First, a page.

A lawyer’s midway plan changed when he met a man in development.

In 1999, Erwin L. Greenberg invited Brian Gibbons to step away from a successful law career and into what would soon become Greenberg Gibbons Commercial — the powerhouse company behind the Hunt Valley Town Centre, Foundry Row of Owings Mills and The Shops at Kenilworth in Towson, to name a few. Greenberg, now 91, has since retired and left the reins in his partner’s hands. Jmore talked with Gibbons, 57, about his road from law school to leveling commercial real estate sites.

Where were you before joining Greenberg at GG Commercial?

After law school at the University of Maryland, I practiced law at Venable in D.C. I was there for six years, then I went to Fedder and Garten, a boutique law firm in Baltimore, for six years.

What kind of law did you focus on?

I liked real estate law. I liked how tangible it was — you could see it, touch it, feel it. I hated not knowing things, so I got a certificate degree at Hopkins, which has now become the master’s in real estate and infrastructure program. How could I be a good lawyer if I didn’t understand the business? Then I got really intrigued.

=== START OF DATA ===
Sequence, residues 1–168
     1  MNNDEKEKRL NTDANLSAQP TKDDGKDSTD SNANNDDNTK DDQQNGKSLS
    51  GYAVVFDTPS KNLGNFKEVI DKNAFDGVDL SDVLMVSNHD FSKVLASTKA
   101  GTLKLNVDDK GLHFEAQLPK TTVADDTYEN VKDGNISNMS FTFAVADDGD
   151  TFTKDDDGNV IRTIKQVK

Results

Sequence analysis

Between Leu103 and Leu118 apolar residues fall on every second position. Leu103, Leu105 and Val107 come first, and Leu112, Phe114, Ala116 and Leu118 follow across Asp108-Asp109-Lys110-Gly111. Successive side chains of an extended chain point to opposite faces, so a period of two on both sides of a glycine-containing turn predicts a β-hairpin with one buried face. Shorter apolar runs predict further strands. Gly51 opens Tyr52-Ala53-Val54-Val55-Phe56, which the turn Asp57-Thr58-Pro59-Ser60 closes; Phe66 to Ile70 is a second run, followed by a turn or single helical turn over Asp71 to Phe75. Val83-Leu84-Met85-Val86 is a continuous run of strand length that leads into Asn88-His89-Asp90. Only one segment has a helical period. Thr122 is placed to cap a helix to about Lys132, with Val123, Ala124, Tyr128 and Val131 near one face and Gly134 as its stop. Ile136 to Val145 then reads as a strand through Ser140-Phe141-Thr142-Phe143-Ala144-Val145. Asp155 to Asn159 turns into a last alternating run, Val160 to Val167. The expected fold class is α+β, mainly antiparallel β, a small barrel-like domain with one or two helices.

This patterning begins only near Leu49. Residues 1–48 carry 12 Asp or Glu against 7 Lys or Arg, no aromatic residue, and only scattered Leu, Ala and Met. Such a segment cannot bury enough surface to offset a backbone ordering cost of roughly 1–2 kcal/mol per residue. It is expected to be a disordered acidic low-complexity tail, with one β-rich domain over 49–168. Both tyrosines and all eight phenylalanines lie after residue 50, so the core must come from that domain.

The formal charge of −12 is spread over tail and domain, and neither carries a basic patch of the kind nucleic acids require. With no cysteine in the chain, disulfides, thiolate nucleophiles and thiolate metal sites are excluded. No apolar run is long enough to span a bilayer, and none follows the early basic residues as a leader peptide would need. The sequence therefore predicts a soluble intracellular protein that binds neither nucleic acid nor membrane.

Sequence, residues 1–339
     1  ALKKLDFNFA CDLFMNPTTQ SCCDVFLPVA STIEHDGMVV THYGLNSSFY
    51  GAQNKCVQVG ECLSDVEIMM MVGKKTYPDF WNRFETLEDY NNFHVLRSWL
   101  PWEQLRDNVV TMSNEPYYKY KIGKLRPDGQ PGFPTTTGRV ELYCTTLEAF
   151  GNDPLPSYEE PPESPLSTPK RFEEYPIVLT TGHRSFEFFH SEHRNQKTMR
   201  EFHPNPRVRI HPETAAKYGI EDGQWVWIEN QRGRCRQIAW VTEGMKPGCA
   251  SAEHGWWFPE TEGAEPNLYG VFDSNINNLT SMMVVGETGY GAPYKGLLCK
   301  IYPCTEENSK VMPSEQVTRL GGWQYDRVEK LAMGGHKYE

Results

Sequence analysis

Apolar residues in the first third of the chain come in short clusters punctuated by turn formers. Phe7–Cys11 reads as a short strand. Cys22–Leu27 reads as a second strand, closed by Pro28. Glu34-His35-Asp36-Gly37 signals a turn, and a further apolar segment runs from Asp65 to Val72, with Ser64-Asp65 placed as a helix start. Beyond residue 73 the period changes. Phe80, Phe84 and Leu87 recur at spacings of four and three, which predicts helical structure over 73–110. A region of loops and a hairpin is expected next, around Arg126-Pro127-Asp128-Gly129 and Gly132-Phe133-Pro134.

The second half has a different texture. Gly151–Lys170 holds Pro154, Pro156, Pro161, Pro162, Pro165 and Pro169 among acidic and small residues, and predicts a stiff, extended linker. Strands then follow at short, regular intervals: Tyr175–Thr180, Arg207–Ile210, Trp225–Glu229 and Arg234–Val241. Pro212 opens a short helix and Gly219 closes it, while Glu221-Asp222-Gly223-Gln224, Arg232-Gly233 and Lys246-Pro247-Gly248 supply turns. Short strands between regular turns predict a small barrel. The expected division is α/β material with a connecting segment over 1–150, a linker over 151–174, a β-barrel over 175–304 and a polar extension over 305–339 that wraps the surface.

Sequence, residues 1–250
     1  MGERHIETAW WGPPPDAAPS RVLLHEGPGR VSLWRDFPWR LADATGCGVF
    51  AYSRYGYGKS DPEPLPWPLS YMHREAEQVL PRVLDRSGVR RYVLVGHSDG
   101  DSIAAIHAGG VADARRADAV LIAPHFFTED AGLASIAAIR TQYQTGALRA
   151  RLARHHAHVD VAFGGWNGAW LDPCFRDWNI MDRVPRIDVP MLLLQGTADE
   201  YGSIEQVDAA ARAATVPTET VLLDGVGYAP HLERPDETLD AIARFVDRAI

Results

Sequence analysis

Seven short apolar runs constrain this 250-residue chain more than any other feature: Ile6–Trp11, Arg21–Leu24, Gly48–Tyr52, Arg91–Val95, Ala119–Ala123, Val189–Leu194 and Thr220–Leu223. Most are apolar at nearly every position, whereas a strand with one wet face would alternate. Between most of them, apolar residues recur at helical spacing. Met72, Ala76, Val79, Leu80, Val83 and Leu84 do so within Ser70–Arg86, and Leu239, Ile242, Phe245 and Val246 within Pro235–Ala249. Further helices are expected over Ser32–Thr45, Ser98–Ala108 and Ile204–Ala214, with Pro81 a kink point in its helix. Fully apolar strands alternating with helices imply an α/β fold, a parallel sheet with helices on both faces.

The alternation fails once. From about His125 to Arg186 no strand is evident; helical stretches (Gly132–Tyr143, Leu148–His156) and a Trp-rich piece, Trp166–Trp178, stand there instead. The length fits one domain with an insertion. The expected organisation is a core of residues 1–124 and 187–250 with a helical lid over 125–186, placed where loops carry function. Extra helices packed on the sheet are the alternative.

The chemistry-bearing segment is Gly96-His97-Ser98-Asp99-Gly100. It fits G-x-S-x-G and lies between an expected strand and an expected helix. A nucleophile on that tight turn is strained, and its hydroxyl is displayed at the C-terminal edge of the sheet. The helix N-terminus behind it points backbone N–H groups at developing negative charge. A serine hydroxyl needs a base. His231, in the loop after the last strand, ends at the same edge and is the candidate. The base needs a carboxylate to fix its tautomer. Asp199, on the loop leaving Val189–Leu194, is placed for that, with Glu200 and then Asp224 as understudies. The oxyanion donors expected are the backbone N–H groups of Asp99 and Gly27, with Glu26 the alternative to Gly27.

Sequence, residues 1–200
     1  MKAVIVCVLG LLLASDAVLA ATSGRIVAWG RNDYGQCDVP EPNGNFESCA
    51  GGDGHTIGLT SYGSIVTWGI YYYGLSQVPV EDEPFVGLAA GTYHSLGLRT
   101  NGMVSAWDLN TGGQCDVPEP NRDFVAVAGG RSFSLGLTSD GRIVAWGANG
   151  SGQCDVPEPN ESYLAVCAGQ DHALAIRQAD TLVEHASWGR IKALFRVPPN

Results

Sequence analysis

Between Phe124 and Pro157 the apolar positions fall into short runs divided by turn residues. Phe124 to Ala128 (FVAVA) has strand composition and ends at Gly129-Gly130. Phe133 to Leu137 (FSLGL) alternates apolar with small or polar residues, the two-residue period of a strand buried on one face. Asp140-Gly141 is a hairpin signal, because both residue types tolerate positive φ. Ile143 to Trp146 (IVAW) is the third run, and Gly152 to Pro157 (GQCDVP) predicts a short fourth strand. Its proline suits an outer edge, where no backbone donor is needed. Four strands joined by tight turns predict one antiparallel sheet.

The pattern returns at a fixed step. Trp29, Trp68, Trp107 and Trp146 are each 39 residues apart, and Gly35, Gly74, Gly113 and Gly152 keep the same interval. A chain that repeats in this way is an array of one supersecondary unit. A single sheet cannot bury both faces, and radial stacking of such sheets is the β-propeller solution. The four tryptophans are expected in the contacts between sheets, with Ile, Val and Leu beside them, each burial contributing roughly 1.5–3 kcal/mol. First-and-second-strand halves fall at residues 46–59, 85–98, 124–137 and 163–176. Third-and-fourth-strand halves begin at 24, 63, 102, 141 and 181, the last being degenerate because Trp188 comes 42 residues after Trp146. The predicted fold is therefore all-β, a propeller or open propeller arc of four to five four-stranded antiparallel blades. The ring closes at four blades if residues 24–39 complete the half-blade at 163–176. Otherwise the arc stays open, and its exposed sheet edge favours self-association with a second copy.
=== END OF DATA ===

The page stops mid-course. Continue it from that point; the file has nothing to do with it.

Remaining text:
How did Erwin enter the scene?

I represented him in a big transaction. I was representing his partner, Joel Fedder. They were doing a joint venture. Erwin just started talking to me, saying, “I want to bring some youth into the executive suite. … Get some more development projects going.” They had not been active in the development business for about 15 years. They hadn’t built anything since 1984. We talked for about eight months to a year.

So you took a leap of faith.

I was 38 years old, I had five kids and my wife was pregnant. I thought it was worth the risk. The only real security you have is your own abilities and your own intelligence, and that wouldn’t go away. If I didn’t do it then, I’d never do it.

What were you getting yourself into?

They had a lot of skill that was kind of untapped. There was a lot of brainpower, but there wasn’t a lot of energy — other than Erwin. The phrase we used was, “It’s time to execute.” Let’s decide on a plan and then execute that plan.

How did Erwin’s energy vibe with yours?

There’s mutual respect. We have a significant age difference — I was 38 and he was 72. It was more a father-son type of thing as opposed to direct partners. He was really the guiding hand, having me come up with the strategic plan and execute it. I certainly couldn’t have done it on my own and he couldn’t have done it without me. I was brought in to take action.

Does he have any quirks?

Erwin is an encyclopedia of jokes. He has a joke for any occasion. It’s unbelievable. I’ve heard them all at this point. He says to stop him if I’ve heard it, so I say, “Stop, stop!”

Any advice for our Jmore entrepreneurial hopefuls?

I didn’t have this master plan. A lot of people come out and are so focused on trying to impress that they’re not necessarily focused on the task at hand. Do the best you can. Always have an eye to the future, but do the best you can. If you do that, people will notice.

To learn more, visit ggcommercial.com. 

Liz McMahon is a Baltimore-based freelance writer.